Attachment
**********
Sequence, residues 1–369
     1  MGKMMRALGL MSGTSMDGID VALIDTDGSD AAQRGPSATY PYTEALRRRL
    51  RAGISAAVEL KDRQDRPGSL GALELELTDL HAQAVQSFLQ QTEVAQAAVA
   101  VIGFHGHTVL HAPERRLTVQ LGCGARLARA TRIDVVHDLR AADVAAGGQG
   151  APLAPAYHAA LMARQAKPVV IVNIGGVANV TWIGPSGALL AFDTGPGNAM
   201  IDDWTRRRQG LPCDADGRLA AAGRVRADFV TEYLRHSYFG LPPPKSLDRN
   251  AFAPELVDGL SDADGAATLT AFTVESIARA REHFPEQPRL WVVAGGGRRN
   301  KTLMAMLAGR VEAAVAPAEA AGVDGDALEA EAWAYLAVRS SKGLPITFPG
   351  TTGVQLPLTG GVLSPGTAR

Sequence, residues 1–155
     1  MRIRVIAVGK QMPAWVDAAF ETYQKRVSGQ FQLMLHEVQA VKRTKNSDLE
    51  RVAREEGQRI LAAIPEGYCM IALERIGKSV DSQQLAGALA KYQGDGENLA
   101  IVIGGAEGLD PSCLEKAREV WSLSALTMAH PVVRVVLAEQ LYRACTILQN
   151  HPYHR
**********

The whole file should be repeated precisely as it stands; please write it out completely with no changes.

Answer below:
Sequence, residues 1–369
     1  MGKMMRALGL MSGTSMDGID VALIDTDGSD AAQRGPSATY PYTEALRRRL
    51  RAGISAAVEL KDRQDRPGSL GALELELTDL HAQAVQSFLQ QTEVAQAAVA
   101  VIGFHGHTVL HAPERRLTVQ LGCGARLARA TRIDVVHDLR AADVAAGGQG
   151  APLAPAYHAA LMARQAKPVV IVNIGGVANV TWIGPSGALL AFDTGPGNAM
   201  IDDWTRRRQG LPCDADGRLA AAGRVRADFV TEYLRHSYFG LPPPKSLDRN
   251  AFAPELVDGL SDADGAATLT AFTVESIARA REHFPEQPRL WVVAGGGRRN
   301  KTLMAMLAGR VEAAVAPAEA AGVDGDALEA EAWAYLAVRS SKGLPITFPG
   351  TTGVQLPLTG GVLSPGTAR

Sequence, residues 1–155
     1  MRIRVIAVGK QMPAWVDAAF ETYQKRVSGQ FQLMLHEVQA VKRTKNSDLE
    51  RVAREEGQRI LAAIPEGYCM IALERIGKSV DSQQLAGALA KYQGDGENLA
   101  IVIGGAEGLD PSCLEKAREV WSLSALTMAH PVVRVVLAEQ LYRACTILQN
   151  HPYHR